- Conflict of Interest
Mental health counselors are aware of possible conflicts of interests that may arise between the counselor and the client, the employer, consultant and other professionals.
Mental health counselors may choose to consult with any other professionally competent person about a client assuring that no conflict of interest exists. When conflicts occur, mental health counselors clarify the nature of the conflict and inform all parties of the nature and direction of their loyalties and responsibilities, and keep all parties informed of their commitments.
D. Assessment and Diagnosis
- Selection and Administration
Mental health counselors utilize educational, psychological, diagnostic, career assessment instruments (herein referenced as “tests”), interviews, and other assessment techniques and diagnostic tools in the counseling process for the purpose of determining the client’s particular needs in the context of his/her situation.
- Mental health counselors choose assessment methods that are reliable, valid, and appropriate based on the age, gender, race, ability, and other client characteristics. If tests must be used in the absence of information regarding the aforementioned factors, the limitations of generalizability should be duly noted
- In selecting assessment tools, mental health counselors justify the logic of their choices in relation to the client’s needs and the clinical context in which the assessment occurs.
- Mental health counselors avoid using outdated or obsolete tests, and remain current regarding test publication and revision.
- Mental health counselors use assessments only in the context of professional, academic, or training relationships.
- Mental health counselors provide the client with appropriate information regarding the reason for assessment, the approximate length of time required, and to whom the report will be distributed.
- Mental health counselors provide an appropriate assessment environment with regard to temperature, privacy, comfort, and freedom from distractions.
- Interpretation and Reporting
Mental health counselors respect the rights and dignity of the client in assessment, interpretation, and diagnosis of mental disorders and make every effort to assure that the client receives the appropriate treatment.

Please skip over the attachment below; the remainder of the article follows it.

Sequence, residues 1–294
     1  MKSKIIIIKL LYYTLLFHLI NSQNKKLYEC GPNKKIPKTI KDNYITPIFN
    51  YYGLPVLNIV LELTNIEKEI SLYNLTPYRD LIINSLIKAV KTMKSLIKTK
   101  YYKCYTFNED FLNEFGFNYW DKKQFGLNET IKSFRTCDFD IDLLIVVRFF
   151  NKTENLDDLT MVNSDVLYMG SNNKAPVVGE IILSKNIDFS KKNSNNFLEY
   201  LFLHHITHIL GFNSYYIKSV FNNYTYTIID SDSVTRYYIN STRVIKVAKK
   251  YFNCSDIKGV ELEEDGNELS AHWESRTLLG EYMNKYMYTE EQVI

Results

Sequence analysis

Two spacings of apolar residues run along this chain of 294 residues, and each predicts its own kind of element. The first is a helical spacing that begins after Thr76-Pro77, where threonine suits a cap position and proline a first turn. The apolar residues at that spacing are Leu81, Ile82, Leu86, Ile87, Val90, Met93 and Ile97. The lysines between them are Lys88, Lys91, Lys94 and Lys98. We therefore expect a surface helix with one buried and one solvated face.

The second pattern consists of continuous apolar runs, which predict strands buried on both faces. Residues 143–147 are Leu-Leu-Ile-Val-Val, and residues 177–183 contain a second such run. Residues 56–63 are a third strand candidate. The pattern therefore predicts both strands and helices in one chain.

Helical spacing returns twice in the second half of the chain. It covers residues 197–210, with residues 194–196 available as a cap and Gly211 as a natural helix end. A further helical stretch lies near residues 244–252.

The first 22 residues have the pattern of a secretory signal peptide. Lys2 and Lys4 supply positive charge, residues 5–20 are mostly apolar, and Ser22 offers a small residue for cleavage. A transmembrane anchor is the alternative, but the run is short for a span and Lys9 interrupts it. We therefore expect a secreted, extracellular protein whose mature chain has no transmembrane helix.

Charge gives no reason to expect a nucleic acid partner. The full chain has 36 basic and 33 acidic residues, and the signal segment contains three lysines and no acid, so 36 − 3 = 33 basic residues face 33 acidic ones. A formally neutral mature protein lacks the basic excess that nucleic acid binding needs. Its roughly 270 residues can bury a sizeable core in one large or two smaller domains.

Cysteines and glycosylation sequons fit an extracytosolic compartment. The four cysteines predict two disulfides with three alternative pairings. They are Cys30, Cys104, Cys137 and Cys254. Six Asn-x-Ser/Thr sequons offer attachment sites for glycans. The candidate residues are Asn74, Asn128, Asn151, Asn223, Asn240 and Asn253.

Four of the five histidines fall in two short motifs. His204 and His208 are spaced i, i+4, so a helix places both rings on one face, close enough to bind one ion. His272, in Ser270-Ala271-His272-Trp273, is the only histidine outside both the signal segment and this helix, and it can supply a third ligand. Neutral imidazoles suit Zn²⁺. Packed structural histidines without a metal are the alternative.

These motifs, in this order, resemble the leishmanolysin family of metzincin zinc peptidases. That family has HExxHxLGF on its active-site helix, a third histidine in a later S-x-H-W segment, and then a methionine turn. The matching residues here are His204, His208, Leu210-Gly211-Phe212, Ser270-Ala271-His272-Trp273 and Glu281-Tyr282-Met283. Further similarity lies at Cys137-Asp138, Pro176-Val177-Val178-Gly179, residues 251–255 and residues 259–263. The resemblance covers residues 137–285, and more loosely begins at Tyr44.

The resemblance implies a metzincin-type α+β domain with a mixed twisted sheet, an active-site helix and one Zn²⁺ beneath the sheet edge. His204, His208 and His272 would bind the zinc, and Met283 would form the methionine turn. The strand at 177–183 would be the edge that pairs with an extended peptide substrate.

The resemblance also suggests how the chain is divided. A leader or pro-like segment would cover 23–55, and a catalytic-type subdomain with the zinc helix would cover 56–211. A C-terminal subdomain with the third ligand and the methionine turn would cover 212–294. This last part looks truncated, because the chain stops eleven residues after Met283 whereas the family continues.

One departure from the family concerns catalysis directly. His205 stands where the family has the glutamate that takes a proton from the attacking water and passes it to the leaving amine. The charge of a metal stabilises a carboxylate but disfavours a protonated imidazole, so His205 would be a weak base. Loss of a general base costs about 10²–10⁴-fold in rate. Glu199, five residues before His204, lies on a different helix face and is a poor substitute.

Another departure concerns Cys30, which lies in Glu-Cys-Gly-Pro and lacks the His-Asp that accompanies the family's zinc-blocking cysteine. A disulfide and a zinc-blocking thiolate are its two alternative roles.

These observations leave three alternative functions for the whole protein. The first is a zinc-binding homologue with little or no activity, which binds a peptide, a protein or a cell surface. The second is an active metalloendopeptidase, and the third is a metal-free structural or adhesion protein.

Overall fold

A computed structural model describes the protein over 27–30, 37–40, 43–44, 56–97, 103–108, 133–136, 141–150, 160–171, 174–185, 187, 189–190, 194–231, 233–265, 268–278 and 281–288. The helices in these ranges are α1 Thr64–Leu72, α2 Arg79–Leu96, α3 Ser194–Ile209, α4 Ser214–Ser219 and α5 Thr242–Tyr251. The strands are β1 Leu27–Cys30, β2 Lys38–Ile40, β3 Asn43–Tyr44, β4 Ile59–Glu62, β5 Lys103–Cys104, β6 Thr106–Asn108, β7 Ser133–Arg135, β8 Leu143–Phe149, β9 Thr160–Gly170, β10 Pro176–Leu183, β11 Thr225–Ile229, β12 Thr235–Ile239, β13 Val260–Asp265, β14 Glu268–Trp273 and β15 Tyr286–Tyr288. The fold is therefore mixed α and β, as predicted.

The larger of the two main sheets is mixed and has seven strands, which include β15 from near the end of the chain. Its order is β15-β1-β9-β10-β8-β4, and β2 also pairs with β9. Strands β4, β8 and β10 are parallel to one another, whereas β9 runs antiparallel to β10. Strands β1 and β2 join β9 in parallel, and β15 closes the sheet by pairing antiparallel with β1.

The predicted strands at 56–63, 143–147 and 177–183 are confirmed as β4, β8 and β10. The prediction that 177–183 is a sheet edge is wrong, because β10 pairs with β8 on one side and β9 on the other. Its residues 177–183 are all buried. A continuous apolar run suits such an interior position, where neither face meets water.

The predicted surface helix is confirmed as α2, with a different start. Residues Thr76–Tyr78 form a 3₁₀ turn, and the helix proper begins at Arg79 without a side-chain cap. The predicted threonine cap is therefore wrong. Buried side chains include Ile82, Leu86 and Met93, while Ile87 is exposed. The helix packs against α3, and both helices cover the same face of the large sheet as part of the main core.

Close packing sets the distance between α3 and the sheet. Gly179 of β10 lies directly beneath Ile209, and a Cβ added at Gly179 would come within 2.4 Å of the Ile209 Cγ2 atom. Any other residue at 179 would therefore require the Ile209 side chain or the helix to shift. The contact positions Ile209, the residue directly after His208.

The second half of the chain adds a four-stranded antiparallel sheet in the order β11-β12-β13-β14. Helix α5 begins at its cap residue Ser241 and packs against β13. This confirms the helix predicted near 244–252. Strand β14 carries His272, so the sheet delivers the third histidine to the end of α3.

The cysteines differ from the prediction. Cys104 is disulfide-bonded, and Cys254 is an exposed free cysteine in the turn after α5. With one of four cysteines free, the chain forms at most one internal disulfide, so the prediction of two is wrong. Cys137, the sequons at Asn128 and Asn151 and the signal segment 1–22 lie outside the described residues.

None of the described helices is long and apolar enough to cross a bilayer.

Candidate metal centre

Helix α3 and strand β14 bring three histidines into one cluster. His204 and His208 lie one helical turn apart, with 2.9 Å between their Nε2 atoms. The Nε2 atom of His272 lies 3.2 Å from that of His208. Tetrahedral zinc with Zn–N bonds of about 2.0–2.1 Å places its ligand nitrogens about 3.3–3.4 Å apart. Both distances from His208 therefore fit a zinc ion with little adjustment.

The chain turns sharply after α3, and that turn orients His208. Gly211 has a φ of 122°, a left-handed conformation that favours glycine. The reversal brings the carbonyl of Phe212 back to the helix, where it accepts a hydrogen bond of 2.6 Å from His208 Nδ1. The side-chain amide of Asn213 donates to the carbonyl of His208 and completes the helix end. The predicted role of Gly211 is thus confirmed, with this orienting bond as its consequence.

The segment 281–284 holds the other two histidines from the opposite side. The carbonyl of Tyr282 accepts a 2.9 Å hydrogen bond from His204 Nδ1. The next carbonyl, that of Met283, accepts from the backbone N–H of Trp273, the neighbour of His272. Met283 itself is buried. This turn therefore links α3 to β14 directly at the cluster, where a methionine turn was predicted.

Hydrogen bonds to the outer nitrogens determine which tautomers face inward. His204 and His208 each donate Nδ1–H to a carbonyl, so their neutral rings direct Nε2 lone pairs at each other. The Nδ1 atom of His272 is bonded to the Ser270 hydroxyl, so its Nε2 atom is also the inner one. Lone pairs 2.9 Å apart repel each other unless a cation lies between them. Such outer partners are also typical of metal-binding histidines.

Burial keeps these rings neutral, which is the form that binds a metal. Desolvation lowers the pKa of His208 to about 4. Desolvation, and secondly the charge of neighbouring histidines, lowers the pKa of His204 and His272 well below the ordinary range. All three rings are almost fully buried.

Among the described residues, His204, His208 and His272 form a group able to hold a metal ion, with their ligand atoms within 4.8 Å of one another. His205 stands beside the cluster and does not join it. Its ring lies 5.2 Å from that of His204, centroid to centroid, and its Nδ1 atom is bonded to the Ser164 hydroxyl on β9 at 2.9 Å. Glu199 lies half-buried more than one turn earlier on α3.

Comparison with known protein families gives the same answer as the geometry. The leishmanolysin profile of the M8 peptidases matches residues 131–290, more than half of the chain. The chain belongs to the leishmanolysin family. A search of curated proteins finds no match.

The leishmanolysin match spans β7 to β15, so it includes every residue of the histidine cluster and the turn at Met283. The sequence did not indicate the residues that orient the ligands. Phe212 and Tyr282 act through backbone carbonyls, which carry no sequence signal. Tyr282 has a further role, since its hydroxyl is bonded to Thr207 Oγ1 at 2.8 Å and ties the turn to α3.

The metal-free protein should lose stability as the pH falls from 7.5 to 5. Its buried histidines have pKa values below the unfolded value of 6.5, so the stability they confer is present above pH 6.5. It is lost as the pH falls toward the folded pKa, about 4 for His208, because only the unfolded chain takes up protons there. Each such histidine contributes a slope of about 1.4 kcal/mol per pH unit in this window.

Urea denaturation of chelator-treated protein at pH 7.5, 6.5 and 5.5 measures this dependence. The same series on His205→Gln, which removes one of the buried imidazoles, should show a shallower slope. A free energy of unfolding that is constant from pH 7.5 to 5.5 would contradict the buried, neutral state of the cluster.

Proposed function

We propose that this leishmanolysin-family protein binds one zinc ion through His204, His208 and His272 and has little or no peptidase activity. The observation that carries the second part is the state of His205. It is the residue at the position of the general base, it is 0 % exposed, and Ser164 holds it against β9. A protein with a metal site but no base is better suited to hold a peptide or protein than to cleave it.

- Mental health counselors base diagnoses and other assessment summaries on multiple sources of data whenever possible.
- Mental health counselors are careful not to draw conclusions unless empirical evidence is present.
- Mental health counselors consider multicultural factors (including but not limited to gender, race, religion, age, ability, culture, class, ethnicity, sexual orientation) in test interpretation, in diagnosis, and in the formulation of prognosis and treatment recommendations.
- Mental health counselors are responsible for evaluating the quality of computer software interpretations of test data. Mental health counselors should obtain information regarding validity of computerized test interpretation before utilizing such an approach.
- Mental health counselors clearly explain computerized test results in their summaries and reports.
- Mental health counselors write reports in a style that is clear, concise and easily understandable for the lay reader.
- To the extent possible, mental health counselors provide test results in a neutral and nonjudgmental manner.
- Mental health counselors are responsible for ensuring the confidentiality and security of assessment reports, test data, and test materials regardless of how the material is maintained or transmitted.
- Mental health counselors train their staff to respect the confidentiality of test reports in the context of typing, filing, or mailing them.